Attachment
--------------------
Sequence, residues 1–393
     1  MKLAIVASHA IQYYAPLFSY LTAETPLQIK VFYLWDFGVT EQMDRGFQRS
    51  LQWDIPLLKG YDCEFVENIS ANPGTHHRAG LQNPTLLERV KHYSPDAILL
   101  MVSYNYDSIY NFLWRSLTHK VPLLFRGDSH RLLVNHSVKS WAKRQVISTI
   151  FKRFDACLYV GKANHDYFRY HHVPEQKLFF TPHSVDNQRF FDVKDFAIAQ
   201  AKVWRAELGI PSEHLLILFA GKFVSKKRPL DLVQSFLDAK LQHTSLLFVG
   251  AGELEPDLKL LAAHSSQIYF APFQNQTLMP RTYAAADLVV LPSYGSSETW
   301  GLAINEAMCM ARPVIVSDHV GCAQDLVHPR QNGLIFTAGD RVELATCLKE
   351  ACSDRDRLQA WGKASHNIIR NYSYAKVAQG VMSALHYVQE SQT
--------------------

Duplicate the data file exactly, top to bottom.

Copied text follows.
Sequence, residues 1–393
     1  MKLAIVASHA IQYYAPLFSY LTAETPLQIK VFYLWDFGVT EQMDRGFQRS
    51  LQWDIPLLKG YDCEFVENIS ANPGTHHRAG LQNPTLLERV KHYSPDAILL
   101  MVSYNYDSIY NFLWRSLTHK VPLLFRGDSH RLLVNHSVKS WAKRQVISTI
   151  FKRFDACLYV GKANHDYFRY HHVPEQKLFF TPHSVDNQRF FDVKDFAIAQ
   201  AKVWRAELGI PSEHLLILFA GKFVSKKRPL DLVQSFLDAK LQHTSLLFVG
   251  AGELEPDLKL LAAHSSQIYF APFQNQTLMP RTYAAADLVV LPSYGSSETW
   301  GLAINEAMCM ARPVIVSDHV GCAQDLVHPR QNGLIFTAGD RVELATCLKE
   351  ACSDRDRLQA WGKASHNIIR NYSYAKVAQG VMSALHYVQE SQT